Help Wanted: Subtle question about older job seeker's age is not legal

Your resume may be great and, as an Your resume may be great and, as an older job seeker, you may be protected by federal law. But proving age bias is hard. Photo Credit: iStock

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DEAR CARRIE: I'm an unemployed 66-year-old male who is actively searching for a new position. Recently, after three solid telephone interviews with a potential employer, I was invited to the office to meet with several executives. I thought the first three of those interviews also went well. And based on several comments made to me, I expected to join the team.

Then I interviewed with the principal of the company. My hopes faded. After speaking with me for 45 minutes, he asked me if my friends wondered why I hadn't retired yet. I was quite surprised by the question and probably did not respond correctly when I said they knew I preferred to continue working. The interview lasted another few minutes, and he said I would be contacted about the position after additional candidates were interviewed.

The next day, I received a call from the human resources manager, advising me that I was no longer being considered since other candidates better served their needs. Was the subtle question about my age legal? I know there's nothing I can do to challenge the decision not to hire me, but I cannot help thinking that the question should not have been asked. The fact that the company performs consulting services for organizations that provide human resource software applications is also quite disturbing to me. It seems that company should have known better.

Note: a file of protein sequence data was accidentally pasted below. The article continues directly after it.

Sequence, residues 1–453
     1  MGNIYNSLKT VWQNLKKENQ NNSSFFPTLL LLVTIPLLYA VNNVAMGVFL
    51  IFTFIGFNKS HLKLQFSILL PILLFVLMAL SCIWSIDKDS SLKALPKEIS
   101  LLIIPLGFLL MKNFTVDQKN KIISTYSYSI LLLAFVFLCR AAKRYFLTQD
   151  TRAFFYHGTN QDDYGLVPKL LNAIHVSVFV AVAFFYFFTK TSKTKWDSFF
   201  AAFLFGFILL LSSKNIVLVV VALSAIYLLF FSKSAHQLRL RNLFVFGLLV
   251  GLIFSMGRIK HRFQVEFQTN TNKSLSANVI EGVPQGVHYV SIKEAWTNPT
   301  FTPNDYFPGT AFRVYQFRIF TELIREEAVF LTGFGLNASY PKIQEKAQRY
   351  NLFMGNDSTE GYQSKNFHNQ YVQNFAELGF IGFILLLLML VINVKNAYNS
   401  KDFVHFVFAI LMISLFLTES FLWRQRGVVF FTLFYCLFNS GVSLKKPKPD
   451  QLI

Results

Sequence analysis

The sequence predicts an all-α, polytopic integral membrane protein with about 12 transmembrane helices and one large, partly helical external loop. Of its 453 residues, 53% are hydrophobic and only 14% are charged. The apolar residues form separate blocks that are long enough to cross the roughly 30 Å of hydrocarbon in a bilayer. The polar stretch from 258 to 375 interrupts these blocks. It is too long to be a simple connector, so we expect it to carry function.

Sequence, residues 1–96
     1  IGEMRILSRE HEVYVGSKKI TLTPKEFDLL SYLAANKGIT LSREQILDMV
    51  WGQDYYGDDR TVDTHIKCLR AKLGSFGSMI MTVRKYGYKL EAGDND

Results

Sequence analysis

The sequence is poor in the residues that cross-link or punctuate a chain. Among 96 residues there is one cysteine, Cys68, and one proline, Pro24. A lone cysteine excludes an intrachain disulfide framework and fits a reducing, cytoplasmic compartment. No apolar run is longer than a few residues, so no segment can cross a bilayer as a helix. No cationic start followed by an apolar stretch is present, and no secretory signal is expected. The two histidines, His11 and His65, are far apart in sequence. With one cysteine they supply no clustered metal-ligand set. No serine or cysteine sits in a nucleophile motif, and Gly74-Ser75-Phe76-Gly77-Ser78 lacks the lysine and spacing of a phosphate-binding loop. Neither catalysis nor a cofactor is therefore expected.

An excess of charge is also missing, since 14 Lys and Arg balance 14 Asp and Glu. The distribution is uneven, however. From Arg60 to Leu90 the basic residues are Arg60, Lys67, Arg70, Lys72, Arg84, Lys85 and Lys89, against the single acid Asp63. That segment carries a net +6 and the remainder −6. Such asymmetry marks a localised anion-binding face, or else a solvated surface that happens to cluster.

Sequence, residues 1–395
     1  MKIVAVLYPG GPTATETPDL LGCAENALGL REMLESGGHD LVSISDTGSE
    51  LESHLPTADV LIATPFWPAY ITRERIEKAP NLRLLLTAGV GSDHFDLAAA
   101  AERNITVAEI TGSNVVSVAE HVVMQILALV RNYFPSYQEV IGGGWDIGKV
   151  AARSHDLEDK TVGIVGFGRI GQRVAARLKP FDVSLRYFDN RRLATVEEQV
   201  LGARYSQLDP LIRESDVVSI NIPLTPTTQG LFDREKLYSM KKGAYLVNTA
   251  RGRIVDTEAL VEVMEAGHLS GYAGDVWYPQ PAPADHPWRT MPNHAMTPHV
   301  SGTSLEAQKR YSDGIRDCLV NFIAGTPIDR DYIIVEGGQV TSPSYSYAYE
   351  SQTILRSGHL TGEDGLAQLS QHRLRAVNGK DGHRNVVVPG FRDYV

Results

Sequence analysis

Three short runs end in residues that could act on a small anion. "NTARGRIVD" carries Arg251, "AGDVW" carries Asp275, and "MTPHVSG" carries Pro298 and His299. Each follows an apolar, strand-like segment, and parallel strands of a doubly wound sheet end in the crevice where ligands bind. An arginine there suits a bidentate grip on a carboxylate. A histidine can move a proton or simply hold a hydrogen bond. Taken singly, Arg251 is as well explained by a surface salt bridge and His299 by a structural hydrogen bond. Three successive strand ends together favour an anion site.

-- Ageism in Job Search

DEAR AGEISM: I think your response to the clueless executive was great, especially considering you were caught off guard by his silly -- and illegal -- question. He certainly hinted that he had a problem with your age.

The federal Age Discrimination in Employment Act forbids employers from discriminating against workers 40 and over in every aspect of employment, including hiring. Despite that, age bias in hiring remains common.

"This is a classic problem," said Lewis Maltby, president and founder of the National Workrights Institute in Princeton, N.J.

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Proving the discrimination, however, is difficult without hard evidence.

You could file a complaint with the U.S. Equal Employment Opportunity Commission (or the state Division of Human Rights), and the EEOC will probably contact the employer and ask for an explanation, Maltby said. But the company easily could find ways to justify its decision.

"All the employer has to do is find something job-related where the candidate they hired was stronger," said Maltby, who is the author of "Can They Do That: Retaking Our Fundamental Rights in the Workplace." "It could be more experience, a stronger academic record, a particular accomplishment that Mr. X didn't have, or virtually anything else."

And the reality is that the agency, which enforces statutes prohibiting age bias at companies with at least 20 employees, doesn't have the resources to spend a lot of time on every complaint, he said.

"The EEOC would have to dig deeply to prove that the cover story isn't true, and the staff probably won't be able to spend enough time to do this," Maltby said. "In the end, the employer usually gets away with discrimination in hiring."

On the other hand, he said that when an employer fires someone who is older, the EEOC generally takes more time to look into the employer's explanation.

"But even then, unless the discrimination is obvious or the employer has a pattern of discrimination, the EEOC frequently takes no action," he said.

Despite the odds, Maltby suggests that you contact the EEOC.

"This man should definitely file a claim with the EEOC," he said. "He has nothing to lose."

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